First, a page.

A giant bull, ridden by a condor, cavorted in Cuzco’s streets this morning. Occasionally it would race towards the audience as if to gore them, and then pull back, while a smaller bull chased a priest. Although dramatic, the bulls and the condor, though not the priest, were papier mache creations of Cuzco’s School of Fine Arts presented in the annual parade of allegories in salute to Cuzco.

The bull and condor were but two of a whole parade of large images, called allegories in Cuzco Spanish. It stretched from the Plaza de Armas to the end of the Sun Avenue and took hours to process through the crowd of engaged spectators. This is one of the important events of this festival month, called Cuzco’s Jubilee, when organization after organization dances or marches by the reviewing stand in front of the Cathedral, registering themselves as members of Cuzco’s society as they salute this Imperial center.

A Giant Allegory Rode through Cuzco Today (Photo: Arnold Fernandez Coraza)
A Giant Allegory Rode through Cuzco Today (Photo: Arnold Fernandez Coraza)

Although called allegories, they might be more properly called representations, or images. They students of different semesters in this important school that trains the future visual artists of the city. They have the task of deciding on an issue of theme and then to design a three dimensional model of it that can parade through the streets, often with parts that move. Not only do they make enormous and fairly complex renditions, they also accompany them with sets of dancers or actors to play roles and locate the piece in peoples’ reality as well as in that of the city. The models must be quickly recognizable as part of the set of images that comprises the city’s universe of representations.

In English, allegory has a somewhat different meaning than in Cuzco’s Spanish, just as two other words used by the announcer to describe them do; parody and satire.

With these words the announcers and organizers take us into the baroque world in which Cuzco’s fiestas first came together. Allegories are like the images of the saints and virgins which are to remind people of the stories of their faith and martyrdom, so they can serve as examples of the Christian life. They also are condensed versions of a historical event or something else socially telling that can remind people of morality and virtue as civic goods.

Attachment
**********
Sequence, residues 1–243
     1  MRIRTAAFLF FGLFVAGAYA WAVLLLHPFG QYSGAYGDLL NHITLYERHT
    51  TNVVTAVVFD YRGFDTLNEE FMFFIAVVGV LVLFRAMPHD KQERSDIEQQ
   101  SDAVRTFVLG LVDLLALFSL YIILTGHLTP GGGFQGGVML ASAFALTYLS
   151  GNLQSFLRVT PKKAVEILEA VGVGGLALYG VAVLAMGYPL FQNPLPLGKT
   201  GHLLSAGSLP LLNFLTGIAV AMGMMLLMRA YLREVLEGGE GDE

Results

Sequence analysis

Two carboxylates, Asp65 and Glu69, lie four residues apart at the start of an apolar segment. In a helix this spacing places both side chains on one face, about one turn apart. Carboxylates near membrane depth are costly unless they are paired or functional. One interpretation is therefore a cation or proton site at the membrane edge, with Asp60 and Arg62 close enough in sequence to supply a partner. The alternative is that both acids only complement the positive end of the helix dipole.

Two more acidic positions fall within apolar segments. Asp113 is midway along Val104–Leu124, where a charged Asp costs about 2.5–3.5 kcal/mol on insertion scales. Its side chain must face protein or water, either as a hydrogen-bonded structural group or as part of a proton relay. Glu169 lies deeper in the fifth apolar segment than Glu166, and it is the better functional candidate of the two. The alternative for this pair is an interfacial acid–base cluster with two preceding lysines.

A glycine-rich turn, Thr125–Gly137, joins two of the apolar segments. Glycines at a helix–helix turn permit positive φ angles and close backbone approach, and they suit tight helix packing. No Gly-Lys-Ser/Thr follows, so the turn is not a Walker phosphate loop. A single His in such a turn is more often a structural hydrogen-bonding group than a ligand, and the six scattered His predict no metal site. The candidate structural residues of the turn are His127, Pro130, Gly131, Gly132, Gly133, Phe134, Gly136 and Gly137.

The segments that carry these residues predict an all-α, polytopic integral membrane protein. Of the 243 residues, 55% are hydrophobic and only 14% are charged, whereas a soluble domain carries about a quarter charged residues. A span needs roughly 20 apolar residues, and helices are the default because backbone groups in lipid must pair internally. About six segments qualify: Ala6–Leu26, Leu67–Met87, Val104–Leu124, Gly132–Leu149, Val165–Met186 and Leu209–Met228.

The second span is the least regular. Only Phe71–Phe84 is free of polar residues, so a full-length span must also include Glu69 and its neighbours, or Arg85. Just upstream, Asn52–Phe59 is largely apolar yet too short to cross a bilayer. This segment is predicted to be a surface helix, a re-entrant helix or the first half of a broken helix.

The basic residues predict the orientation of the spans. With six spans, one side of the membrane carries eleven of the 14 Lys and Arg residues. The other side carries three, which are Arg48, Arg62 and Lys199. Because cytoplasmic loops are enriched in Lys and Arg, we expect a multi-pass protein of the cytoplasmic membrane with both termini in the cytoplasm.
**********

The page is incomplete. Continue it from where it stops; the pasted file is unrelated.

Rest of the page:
Giant Qolla in the Bellas Artes Parade (Photo: Arnold Fernandez Coraza)
Giant Qolla in the Bellas Artes Parade (Photo: Arnold Fernandez Coraza)

In colonial Cuzco fiestas often had parades of allegorical carts, carrying three dimensional tableaux. In English we tend to call these floats, as if they floated above the crowd like the images of angels who sit high on baroque altars, as if in the air, or even an image of God floating above everything. However in Cuzco’s Spanish the idea is less about floating as a way of giving transcendence, but about the telling a moral tale.

Today the idea of representation refers less to a story or morality, than it does to a simple act of symbolizing. Representation also recognizes politics and ideologies around the act, but does not see them, per se, as something innate in the image rather than as something given by the artist and critics.

This becomes even clearer with the idea of parody or satire. In English, and formal, contemporary Spanish, these refer to an image, skit, or sketch that makes fun of someone or something. The intent can be entertainment, politics, or more, but that does not matter.

In contrast, the idea in Cuzco Spanish simply reinforces the idea that, like a tableau, they show things that are important about life in Cuzco and its place in the world and cosmos.

While humor is far from absent, it is not the defining mark of the parody or satire. In fact “making fun”, Spanish mofar, seems almost absent. For example, when I got to see the bull up close, I noticed it had a model of a man clinging to its dangling testicles. And in the parade the bull would “urinate” on the crowd. But in this was no act of making fun of a bull, or of a politician or public figure. It seemed more a comment on bulls and their relationship with people, as well as of the lurid comments and jokes of the Andean clowns that often appear in Cuzco’s feasts. It makes a cosmological point.

The bull and condor, with its reference to the Yawar fiesta of Andahuaylas, is only one representation. Others included a rat, a Virgin, an image of the Qolla, the people of highland Puno, ancestors, and so much more. Together they amaze.

Below you can look at some videos of today’s parade.

2 COMMENTS

  1. I’m curious how the huge rat is just an allegory. If I made out the writing on the paper mache briefcase correctly, it says “Basta Al Saqued Gobernantes” (translation: just for sacred rulers?). Sounds political.

    I like the idea that the bull is just a representation of the bull’s relationship with people, but is the rat really just a rat?

    In some of my other readings it seems like the word “basta” is politicized. David Graeber was part of a group called Ya Basta! which held solidarity with a European collective of Zapatista supporters.

    Great article!

    • You are right, Alonzo. The Spanish says enough of government sacking (our riches). It does make a political comment and is more satirical in the current sense. The rat was a national (and local) government that does not have the interest of ordinary and local people at heart.

      But so much else was not so.

      Basta is very politicized. All over Latin America.

      Thank you for the correction and caution. Hope all is well with you. You are much missed in Cuzco.

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